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Shot peening aluminum for fatigue resistance

I'm trying to improve the fatigue resistance of aluminum for an ultrasonic application. I've been told that anodizing and other chemical treatments will reduce the fatigue resistance. The other options would be to shot peen the surface.

Do you know of any other process that would improve fatigue? Do you have any suggestions on a starting point for shot peening?

Material is 7075 T6 aluminum.

Thanks in advance,

Michael D. Cronin
a medical supplies company

It may be of interest to you, that anodizing does reduce fatigue resistance, however shot peening prior to hard anodizing raises fatigue resistance significantly. A reference for fatigue resistance comparisons, which shows the above, is Metallic Fatigue [affil link on Amazon] Pergamon Press 1961, p 61 by Harris, W.J. As for where to start with shot peening values, I would suggest a process house who performs shot peen on a regular basis for a living. There are many good shot peen houses who will know instantly what you need.

Ward Barcafer, CEF
aerospace - Wichita, Kansas

"Shot Peening"

on AbeBooks

or Amazon

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by William E. Bryson

on AbeBooks

or Amazon

(affil links)

Shot peening will improve the life of your part. but where to start depends on the use of the part. Shot peening does affect the surface finish and can greatly affect the finish on soft metals such as aluminum. For the highest fatigue resistance, you want as much depth penetration as possible, which means large shot and high velocity. This will have the maximum affect on surface finish, which may or may not create problems.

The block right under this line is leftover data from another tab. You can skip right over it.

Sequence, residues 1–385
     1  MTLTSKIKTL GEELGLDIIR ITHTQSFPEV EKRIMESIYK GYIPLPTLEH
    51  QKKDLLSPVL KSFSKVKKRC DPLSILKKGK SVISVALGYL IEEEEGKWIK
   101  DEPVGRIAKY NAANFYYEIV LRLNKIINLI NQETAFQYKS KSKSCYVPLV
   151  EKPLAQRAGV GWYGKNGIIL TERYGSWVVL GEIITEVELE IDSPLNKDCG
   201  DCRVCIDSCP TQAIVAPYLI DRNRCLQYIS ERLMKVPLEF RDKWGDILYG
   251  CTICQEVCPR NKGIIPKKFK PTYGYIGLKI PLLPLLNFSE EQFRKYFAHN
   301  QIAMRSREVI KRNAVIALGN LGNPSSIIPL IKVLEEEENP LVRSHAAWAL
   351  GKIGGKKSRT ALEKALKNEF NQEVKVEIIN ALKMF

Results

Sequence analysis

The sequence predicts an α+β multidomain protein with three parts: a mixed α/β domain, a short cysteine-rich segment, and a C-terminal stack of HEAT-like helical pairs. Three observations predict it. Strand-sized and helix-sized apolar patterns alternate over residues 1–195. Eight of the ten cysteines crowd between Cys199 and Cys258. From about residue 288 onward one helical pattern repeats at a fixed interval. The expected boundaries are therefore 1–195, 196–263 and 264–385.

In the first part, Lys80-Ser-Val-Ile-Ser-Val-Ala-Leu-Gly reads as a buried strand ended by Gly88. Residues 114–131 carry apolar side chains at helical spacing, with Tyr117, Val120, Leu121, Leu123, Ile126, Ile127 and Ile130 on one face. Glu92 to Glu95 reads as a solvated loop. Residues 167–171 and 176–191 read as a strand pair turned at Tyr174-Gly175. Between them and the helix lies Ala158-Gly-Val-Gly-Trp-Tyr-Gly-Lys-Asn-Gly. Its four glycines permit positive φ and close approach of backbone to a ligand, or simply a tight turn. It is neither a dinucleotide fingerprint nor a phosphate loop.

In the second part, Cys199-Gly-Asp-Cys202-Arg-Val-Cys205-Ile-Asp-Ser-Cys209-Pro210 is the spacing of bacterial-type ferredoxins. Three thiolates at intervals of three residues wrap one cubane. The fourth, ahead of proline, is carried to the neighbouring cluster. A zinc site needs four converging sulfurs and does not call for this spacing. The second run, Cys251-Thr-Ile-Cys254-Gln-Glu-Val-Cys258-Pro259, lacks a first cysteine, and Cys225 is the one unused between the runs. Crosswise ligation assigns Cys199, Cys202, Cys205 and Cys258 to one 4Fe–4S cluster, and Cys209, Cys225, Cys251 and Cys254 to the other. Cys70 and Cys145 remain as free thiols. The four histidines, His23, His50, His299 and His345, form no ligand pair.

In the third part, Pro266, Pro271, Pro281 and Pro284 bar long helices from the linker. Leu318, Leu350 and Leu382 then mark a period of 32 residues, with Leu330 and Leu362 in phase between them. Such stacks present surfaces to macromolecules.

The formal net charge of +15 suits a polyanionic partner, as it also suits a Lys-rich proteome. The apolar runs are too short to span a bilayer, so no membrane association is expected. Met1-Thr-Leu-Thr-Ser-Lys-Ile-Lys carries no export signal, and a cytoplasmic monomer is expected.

Another problem with shot peening is that it may contaminate the surface of your part with iron or glass. Since your company name suggests a medical application, I suggest you evaluate that aspect carefully.

Another process which will increase fatigue resistance is cryogenic processing. This process involves lowering the temperature to the cryogenic range and holding for a long period of time. Then the temperature is brought back to room temperature. Be careful with who does this process, as most heat treaters will just dump your part in a bath of liquid nitrogen and extract it when the stuff has evaporated.

Cryogenic processing has the advantage that it will not contaminate your parts, and it affects the entire volume of the metal, not just the surface.

F. J. Diekman
- Streamwood, Illinois

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